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22 November, 2021
28 February, 2023
5 Freddy Ibrahim (JOR), Jordan v Saudi Arabia
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Group C Preview: Jordan, Lebanon aim to stay undefeated

BEIRUT (Lebanon) & JEDDAH (Saudi Arabia) - There were no surprises in the first games Group C of the FIBA Basketball World Cup 2023 Asian Qualifiers looking purely at the win-loss results. However, taking a deeper dive into the games tells a more intriguing story and gives a better perspective of what to expect in the rematch.

True to form Tall Cedars

Offensive firepower been continuously emphasized as this current Lebanon squad’s strong suit. They averaged nearly 100 points per game through the FIBA Asia Cup Qualifiers and didn’t miss much of a beat, going for 96 here in the first game of the World Cup Qualifiers.

With their offense coming from all over the roster in this previous game against Indonesia, fans should be able to expect another high scoring game from Lebanon once again.

Another important note: keep your eyes on Yousef Khayat whenever he takes the court.

Shake it off

Indonesia shot 7-44 from beyond the three-point line which converts to only 15.9 percent. That’s obviously a far cry from the 37.2 percent they shot during the Asia Cup Qualifiers which was good enough for 4th among all teams.

Three-point shooting wasn’t the only area in which Indonesia could have improved on, but it would have definitely helped the team get things going. A large part of the credit goes to the perimeter of Lebanon’s perimeter defense, but it might be a different kind of game if Indonesia can find their groove early on.

Not having a big body like Lester Prosper in the paint should have also effected the confidence of the Indonesia long range gunners, but they are going to have to adapt to that adjustment should they want to turn things around.

Showing off that personality

Jordan’s head coach, Wesam Al-Sous, and floor general, Freddy Ibrahim, both agreed two things about their first Qualifiers game: they started the game very poorly, but showed great personality but fighting back to win despite that poor form.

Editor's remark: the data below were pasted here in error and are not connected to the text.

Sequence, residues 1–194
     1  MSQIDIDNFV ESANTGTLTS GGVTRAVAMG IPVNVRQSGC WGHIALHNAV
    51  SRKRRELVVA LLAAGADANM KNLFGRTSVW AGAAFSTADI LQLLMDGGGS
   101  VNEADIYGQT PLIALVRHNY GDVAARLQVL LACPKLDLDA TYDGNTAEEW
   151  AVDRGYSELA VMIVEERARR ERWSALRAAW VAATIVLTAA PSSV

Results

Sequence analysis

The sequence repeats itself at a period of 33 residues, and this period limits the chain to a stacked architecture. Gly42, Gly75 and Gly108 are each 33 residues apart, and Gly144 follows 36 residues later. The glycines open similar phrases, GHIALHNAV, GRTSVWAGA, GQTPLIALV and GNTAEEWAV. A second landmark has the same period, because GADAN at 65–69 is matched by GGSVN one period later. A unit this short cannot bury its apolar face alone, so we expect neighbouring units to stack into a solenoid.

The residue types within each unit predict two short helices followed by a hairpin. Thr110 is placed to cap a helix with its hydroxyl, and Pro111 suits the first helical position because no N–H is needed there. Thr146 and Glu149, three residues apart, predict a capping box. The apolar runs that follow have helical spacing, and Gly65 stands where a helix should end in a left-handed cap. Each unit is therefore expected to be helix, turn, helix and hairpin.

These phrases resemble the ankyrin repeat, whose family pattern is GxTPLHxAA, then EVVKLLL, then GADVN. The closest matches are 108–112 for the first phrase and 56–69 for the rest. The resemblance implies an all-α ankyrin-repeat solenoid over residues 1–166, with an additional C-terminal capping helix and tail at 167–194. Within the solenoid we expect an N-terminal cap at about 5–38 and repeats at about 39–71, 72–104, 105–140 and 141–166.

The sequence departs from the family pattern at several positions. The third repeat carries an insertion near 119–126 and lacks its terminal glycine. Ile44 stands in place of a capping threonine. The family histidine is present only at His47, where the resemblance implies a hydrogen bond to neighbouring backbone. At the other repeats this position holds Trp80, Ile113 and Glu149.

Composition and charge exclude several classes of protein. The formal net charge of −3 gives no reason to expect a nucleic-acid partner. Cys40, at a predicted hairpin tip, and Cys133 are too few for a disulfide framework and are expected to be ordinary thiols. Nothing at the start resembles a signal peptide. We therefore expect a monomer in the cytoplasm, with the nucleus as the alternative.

This is definitely not good news for Saudi Arabia, who were on the wrong end of a 16-0 run in the fourth quarter to a team that repeatedly mentions that they “didn’t play well.”

Look for the big men of Jordan to step up in the next game, especially John Bohannon, after allowing Saudi Arabia to dominate them on the boards.


This is a familiar story for Saudi Arabia. Face a strong, highly regarded team (like Iran, Jordan), play very impressively in the early stages of the game, and set off every upset alert there is in the Asia basketball scene only to end up painfully close to pulling it off.

Kudos to coach Ali Alsanhani for hanging in tight with these top-tiered teams, putting on display how good Saudi Arabia can be on the hardwood. The next step for this team, however, is to be able to close games out and control the tempo.

Khalid Abdel Gabbar has shown in the past that he is capable of coming up in clutch situations, but the team might need one or two more players to help him out in that regard.

With that being said, Saudi Arabia have shown that they have the potential to take down Jordan in their homecourt. Returning to Jeddah to play in the rematch should give them an extra boost of energy that might just be enough for them to pull off this upset.

Player(s) to Watch

John Bohannon (JOR): It might not have been the debut that Bohannon hoped for on an individual level after going scoreless on 0 shot attempts in almost 22 minutes of play, but he’ll get the chance to bounce back and show what he’s going in a quick turnaround.

Jordan’s big men need to step up a bit and Bohannon could be one of the prime candidates to do so.

Yousef Khayat (LBN): We highlighted Khayat as a Player to Watch in the previous preview and we’re leaving him here just to emphasize how much you really need to watch this 18-year-old play. He’s bulked up a lot since FIBA fans saw him at the U18 Asian Championship back in 2018 and he’s using that to his advantage against his opponents.


Anadakara Prastawa Dhyaksa (INA): Tough game for the point guard, going 1-9 from the field and 1-7 from the three-point line. Prastawa is a guy who can get his team going by connecting on big shots and he certainly has the skills to do so.

Indonesia currently lack the size and physicality to matchup head on with Lebanon in that area, so going with speed and long range shooting - two things that Prastawa is known for - could be the way to go.

Mathna Almarwani (KSA): It was a frustrating game for the younger Almarwani as he could neither get his shots to go in nor stay out of foul trouble. Looking back at the past games for Saudi Arabia, Mathna’s inconsistent presence was probably a big factor as to why they couldn’t keep the momentum on their side.

With the matchup heading home to Jeddah, expect Mathna to be fired up and bounce back in front of friends and family.